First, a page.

The Rut in Deer Hunting - What Triggers it?

Deer Hunting, Deer in Rut, Hunting the Rut, Rut -

The Rut in Deer Hunting - What Triggers it?

You read that right. A group that has spent the majority of the past couple years writing about flounder gigging and bowfishing are now writing about the rut in deer hunting. Believe it or not, we’re all big hunters when the season presents itself. Bowfishing and flounder gigging are seemingly easier to do year-round, and lawfully allowed of course. 

The open of deer season is different for every county across the states, as are the rut seasons. Here locally, we are seeing signs of the rut starting as early as November 1. In years past, the rut has ranged from late October to early December. When we hunt in West Texas, we typically see a thanksgiving timed rut. Across the U.S., there will be a rut occurring starting in the month of August until February. Here’s the real question - What Triggers the Rut?

Biologists have come to the conclusion that photoperiod is the ultimate trigger which has an impact on development of plants and animals. Photoperiod is the interval during a 24-hour period that a plant or animal receives light. A diminishing ratio of daylight to darkness triggers behavioral and physiological changes that lead to breeding. First the antlers mineralize and the bucks shed their velvet. Next, bucks begin sparring rubbing trees, and making scrapes. This transitions to fighting and establishing dominance and breeding rights, and eventually breeding begins.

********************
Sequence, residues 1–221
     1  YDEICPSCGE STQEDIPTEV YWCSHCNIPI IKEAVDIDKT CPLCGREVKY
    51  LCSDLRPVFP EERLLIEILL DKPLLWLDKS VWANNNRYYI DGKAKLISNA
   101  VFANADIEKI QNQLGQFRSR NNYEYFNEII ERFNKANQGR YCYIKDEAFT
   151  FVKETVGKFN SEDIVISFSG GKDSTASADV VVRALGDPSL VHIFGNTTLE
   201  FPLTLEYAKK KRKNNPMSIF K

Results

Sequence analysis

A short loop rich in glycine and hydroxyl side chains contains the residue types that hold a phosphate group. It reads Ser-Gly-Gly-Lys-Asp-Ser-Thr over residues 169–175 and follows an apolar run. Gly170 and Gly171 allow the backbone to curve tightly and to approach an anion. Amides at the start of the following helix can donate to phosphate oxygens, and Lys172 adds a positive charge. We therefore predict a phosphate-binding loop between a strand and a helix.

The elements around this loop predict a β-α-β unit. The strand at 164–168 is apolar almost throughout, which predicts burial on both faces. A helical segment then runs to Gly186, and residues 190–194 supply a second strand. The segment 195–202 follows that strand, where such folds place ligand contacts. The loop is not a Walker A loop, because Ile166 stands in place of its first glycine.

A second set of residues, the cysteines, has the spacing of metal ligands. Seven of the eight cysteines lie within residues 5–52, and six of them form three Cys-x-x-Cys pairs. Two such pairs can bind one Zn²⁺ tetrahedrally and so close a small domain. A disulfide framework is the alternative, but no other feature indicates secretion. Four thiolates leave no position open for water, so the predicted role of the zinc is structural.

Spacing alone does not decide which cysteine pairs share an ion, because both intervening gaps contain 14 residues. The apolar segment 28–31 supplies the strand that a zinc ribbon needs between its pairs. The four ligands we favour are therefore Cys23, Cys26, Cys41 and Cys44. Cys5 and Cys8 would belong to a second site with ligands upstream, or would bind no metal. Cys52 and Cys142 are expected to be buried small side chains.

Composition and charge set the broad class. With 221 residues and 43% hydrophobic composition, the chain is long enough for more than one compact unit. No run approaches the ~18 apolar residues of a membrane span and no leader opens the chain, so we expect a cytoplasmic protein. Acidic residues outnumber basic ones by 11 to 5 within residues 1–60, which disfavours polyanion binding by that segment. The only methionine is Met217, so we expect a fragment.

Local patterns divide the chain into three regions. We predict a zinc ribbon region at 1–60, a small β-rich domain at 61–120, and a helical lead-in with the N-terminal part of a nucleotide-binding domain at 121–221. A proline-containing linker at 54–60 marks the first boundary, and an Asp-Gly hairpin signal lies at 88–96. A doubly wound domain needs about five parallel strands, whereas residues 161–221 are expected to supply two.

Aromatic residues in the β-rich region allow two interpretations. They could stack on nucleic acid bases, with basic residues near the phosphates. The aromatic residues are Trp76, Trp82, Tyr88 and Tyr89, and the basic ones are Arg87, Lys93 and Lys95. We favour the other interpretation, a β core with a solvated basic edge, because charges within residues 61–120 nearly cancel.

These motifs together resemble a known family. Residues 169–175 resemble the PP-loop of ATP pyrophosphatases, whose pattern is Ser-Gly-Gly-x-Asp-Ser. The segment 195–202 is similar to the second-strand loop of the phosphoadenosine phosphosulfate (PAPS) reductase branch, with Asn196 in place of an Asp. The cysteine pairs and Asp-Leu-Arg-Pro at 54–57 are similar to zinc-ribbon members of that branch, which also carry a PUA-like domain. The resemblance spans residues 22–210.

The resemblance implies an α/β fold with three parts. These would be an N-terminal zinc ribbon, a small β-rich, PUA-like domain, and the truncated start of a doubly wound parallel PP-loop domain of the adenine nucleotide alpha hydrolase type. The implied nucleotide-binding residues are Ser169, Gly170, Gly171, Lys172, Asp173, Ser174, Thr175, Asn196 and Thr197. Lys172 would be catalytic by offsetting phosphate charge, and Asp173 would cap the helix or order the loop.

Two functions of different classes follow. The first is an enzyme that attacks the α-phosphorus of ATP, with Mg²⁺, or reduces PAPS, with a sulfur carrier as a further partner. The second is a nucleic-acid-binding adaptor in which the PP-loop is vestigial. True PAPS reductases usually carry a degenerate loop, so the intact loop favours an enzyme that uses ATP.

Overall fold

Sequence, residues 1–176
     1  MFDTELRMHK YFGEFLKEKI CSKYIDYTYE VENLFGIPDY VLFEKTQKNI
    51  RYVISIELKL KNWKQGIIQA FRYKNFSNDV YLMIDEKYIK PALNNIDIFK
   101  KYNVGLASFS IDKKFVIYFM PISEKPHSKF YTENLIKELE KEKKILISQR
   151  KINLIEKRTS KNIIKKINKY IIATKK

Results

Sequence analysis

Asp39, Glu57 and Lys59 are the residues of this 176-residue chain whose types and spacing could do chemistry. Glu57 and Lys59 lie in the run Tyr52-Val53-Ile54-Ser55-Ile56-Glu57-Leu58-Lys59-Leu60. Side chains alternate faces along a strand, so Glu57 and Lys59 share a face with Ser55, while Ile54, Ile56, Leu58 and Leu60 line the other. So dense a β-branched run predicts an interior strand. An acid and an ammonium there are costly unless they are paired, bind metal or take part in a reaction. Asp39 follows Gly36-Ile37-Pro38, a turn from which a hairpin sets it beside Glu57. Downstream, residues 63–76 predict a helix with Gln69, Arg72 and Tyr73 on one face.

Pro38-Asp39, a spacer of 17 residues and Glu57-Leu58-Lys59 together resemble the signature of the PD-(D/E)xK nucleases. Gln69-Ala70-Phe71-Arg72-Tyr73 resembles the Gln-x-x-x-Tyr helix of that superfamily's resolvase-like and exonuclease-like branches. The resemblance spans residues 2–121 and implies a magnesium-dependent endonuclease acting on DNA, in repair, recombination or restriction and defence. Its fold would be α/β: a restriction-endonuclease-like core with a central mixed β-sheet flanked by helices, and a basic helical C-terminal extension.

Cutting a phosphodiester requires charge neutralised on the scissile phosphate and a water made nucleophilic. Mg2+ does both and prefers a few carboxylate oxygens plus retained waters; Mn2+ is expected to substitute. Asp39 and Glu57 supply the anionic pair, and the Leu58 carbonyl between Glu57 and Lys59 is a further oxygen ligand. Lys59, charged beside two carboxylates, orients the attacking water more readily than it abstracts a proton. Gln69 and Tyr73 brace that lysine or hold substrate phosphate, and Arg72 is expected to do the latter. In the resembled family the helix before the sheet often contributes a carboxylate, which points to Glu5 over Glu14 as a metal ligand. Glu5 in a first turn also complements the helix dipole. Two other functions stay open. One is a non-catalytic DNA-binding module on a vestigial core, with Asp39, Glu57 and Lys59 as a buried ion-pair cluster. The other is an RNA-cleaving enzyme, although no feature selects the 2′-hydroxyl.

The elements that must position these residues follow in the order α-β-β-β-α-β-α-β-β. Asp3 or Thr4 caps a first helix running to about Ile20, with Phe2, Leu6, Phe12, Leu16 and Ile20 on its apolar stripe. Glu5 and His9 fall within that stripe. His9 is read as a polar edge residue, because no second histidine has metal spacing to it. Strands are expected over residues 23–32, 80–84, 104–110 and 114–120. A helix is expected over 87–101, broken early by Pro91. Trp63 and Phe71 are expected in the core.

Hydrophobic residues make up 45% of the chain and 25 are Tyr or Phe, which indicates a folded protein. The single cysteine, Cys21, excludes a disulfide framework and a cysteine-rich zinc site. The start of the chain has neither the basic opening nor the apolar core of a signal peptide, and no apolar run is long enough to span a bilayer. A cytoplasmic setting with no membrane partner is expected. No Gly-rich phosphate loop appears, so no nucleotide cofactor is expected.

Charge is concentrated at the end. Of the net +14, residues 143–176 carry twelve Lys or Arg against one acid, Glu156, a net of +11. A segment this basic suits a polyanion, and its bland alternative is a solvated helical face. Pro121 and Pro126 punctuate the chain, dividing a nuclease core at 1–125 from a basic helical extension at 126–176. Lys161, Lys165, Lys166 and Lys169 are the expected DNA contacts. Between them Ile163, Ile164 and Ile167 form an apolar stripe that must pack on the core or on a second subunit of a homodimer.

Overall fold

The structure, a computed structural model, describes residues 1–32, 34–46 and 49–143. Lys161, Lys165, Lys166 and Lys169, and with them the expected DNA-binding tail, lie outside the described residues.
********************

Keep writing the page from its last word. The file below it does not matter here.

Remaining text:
The Rut in the Northern States vs the Southern States is significantly different because there is a much more distinct change in photoperiod in the north vs the south. The north will experience almost 16 hours per day of sunlight at its peak during the months of May and June and less than 9 hours of daylight during the months of November, December, and January. The rut in the south is much more sporadic, because the daylight hours do not have as significant of a change as the north. During the months of May and June, the southern states are experiencing almost 14 hours of daylight while seeing 10.5-11 hours of daylight during the winter months. The change in hours for the North is approximately 7 hours of daylight while the south is only approximately 3 hours of daylight. 

Depending on how the daylight hours change in your local area, you may be able to predict when your local rut will occur. If you are seeing scrapes and wandering bucks, it could be that the rut has already started. 

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